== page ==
Unfortunately, federal regulations require all radioactive byproducts of nuclear power plants to be disposed of in a nuclear waste repository. As a result, more than 98 percent of what will go into Yucca Mountain is either natural uranium or useful material. Why are we wasting so much effort on such a needless task? Because in 1977, President Carter decided to outlaw nuclear recycling. The fear then was that other countries would steal our plutonium to make nuclear bombs. (India had just purloined plutonium from a Canadian-built reactor to make its bomb.) This has turned out to be a false alarm. Countries that have built bombs have either drawn plutonium from their own reactors or—as Iran is trying to do now—enriched their own uranium. Canada, Britain, France and Russia are all recycling their nuclear fuel. France has produced 80 percent of its electricity with nuclear power for the last 25 years. It stores all its high-level “nuclear waste” in a single room at Le Havre.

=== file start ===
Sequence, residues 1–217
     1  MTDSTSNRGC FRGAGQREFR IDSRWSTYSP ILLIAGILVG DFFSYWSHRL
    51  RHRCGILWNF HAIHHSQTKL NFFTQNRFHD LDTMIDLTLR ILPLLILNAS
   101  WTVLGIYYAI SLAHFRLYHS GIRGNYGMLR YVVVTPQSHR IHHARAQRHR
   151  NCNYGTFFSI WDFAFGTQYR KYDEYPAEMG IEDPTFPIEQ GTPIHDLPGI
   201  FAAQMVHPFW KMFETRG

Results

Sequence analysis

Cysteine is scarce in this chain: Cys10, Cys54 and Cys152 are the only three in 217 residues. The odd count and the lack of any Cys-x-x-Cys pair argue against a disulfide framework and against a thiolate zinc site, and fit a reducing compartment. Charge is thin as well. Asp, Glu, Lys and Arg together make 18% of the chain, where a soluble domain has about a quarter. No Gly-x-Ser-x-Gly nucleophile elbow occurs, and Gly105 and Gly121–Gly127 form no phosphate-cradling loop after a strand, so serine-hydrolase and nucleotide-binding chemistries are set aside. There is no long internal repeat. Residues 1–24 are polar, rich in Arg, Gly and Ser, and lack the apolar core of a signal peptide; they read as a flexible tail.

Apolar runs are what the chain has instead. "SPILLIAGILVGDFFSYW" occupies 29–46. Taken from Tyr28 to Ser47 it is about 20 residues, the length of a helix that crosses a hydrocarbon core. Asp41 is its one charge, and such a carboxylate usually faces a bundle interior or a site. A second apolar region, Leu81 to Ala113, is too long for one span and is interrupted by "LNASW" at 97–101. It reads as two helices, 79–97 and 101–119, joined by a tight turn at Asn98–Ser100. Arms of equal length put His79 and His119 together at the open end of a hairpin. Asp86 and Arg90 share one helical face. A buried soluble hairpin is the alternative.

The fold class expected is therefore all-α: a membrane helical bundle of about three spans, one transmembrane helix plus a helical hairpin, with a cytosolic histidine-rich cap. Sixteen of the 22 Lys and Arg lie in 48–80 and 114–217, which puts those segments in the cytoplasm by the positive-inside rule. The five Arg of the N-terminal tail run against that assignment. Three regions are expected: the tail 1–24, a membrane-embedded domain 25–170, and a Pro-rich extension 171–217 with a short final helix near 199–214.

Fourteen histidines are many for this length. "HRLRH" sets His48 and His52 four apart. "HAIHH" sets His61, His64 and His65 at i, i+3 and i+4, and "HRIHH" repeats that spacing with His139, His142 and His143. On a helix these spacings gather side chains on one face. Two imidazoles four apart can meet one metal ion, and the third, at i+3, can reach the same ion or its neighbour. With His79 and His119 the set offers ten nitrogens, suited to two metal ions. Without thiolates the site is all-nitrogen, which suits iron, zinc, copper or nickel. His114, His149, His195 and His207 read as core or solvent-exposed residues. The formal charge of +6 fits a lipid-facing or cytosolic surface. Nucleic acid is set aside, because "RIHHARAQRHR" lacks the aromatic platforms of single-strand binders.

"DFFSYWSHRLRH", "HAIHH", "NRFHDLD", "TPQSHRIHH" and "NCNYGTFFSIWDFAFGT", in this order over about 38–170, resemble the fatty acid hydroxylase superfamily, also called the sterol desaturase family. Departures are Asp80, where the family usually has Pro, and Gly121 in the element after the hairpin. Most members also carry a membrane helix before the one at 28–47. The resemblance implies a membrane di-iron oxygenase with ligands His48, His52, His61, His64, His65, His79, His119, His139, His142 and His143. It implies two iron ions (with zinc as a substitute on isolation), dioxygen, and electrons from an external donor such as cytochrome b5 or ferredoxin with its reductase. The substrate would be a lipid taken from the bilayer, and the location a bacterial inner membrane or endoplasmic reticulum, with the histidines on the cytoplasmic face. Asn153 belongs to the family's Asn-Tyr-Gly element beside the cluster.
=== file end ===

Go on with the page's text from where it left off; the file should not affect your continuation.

The U.S. currently gets 50 percent of its electricity from coal and 20 percent from nuclear reactors. Reversing these percentages should become a goal of both global warming advocates and anyone who wants to reduce America’s dependence on foreign oil (the latter since a clean, expanded electrical grid could anchor a fleet of hydrogen or electric cars). Contrary to what some critics charge, this would not require massive subsidies or direct intervention by the government. Indeed, the nuclear industry has gone through an astounding revival over the past decade. The entire fleet of 103 reactors is up and running 90 percent of the time. Reactors are making money hand-over-fist—so much so that the attorney general of Connecticut recently proposed a windfall profits tax on them! The industry is poised for new construction, with proposals for four new reactors submitted to the Nuclear Regulatory Commission and almost 30 waiting in the wings.